A new entrance and ticket office were built on the northern side of the station, while a new entrance was provided on the southern side. The two entrances to the station were linked by converting a subway beneath the platforms for pedestrian access, although there is no direct access to the platforms from the subway.
The newly expanded station was opened by Her Majesty The Queen in July 2014, with work on the surrounding track alterations completed the following year.
And while the station and track expansion project was largely complete by 2015,
Network Rail has continued to improve the environment around the station, with two rail bridges upgraded to enable more space for a cycle path and footpath beneath the railway at Cow Lane.
A road widening scheme at Cow Lane has also allowed two-way traffic to run beneath the railway for the first time, helping to remove a notorious road traffic bottleneck in the town.
Additionally, the project has taken larger road vehicles into consideration. The widened route now allows double-deck buses and larger goods wagons to use the route, with the Cow Lane bridge project completed during 2019, helping to improve road traffic flow.
Used by almost 20 million passengers each year, Reading is Britain’s ninth busiest station and the second busiest interchange station outside of London (behind Birmingham New Street).
Over recent years, there has been a growing realisation that passengers want so much more out of a station than just catching a train. Most major station refurbishments now incorporate retail and leisure facilities - and Reading is no exception.
It now boasts a host of retail outlets within the station, as well as the other facilities that passengers now expect from a major station. The station has a bright and airy feel and the refurbishment works have provided a modern and inviting station environment for passengers.
The main operator of passenger services through Reading is Great Western Railway, but CrossCountry, South Western Railway and TfL Rail (which will run Crossrail services on the Elizabeth Line) also have a strong presence.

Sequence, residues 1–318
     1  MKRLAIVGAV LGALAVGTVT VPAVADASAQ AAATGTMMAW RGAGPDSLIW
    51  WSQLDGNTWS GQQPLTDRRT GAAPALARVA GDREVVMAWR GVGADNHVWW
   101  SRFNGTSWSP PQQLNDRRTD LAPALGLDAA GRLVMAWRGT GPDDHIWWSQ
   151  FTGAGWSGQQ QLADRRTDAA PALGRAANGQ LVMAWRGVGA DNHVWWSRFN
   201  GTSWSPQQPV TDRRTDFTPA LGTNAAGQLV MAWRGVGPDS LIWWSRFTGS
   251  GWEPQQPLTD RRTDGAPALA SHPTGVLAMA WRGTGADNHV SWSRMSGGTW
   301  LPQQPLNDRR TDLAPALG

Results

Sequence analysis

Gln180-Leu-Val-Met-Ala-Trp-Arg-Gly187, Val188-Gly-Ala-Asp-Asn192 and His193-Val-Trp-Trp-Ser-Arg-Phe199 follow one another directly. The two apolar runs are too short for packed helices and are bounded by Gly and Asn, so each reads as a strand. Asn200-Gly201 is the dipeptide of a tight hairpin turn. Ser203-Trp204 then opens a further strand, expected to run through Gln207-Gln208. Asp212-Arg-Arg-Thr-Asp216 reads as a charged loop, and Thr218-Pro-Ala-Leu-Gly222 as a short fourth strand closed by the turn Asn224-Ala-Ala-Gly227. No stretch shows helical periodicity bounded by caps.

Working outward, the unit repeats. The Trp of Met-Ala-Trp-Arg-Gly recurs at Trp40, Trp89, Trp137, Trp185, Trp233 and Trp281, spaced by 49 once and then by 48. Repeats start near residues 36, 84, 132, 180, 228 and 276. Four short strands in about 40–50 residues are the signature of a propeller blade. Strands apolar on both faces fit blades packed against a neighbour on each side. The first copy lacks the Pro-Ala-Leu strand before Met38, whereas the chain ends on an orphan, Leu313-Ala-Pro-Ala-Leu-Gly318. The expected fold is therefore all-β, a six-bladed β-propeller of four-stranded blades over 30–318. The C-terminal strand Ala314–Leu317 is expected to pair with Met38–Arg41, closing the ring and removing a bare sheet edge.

When passenger numbers declined
dramatically during the COVID-19 lockdown, following the Government’s advice for the public not to use public transport, Network Rail took advantage of the quieter period to continue improving the station - ready for a time when passenger numbers return to normal.
During the spring of 2020, the station toilets were refurbished as part of a £ 380,000 project. Baby changing facilities and improved toilet facilities for passengers with impaired mobility have also been provided. And as with all Network Rail-managed stations, the use of toilets is now free of charge to passengers throughout the day, after the company abolished its previous policy of charging for their use.
Other improvements carried out recently have included the repainting of all the station waiting rooms, new customer information screens, and the installation of hand sanitising units throughout the station.
“I am delighted that Reading is officially the best major station in the country. It feels amazing for my team to be recognised for all the hard work they’ve done,” says Andy Philips, Network Rail’s Station Manager for Reading.
“In the last year, the station has continued to put passengers first by continuously striving to improve the customer experience, as well as Network Rail and GWR delivering the biggest timetable change in December 2019 since the 1970s.
“Since COVID-19, things may have changed in the short term. However, the station has continued to deliver customer improvement projects, such as the Brunel Toilet refurbishment and the Lift Safety campaign, while a robust cleaning regime has been introduced in the station to reassure our customers that it is safe to travel by train.
“The station celebrated its 180th birthday in March 2020, and as part of this a history vinyl timeline has been installed on the Transfer Deck showing the changes over the station’s 180 years.”
Reading is a worthy winner of the NRA 2020 Major Station of the Year.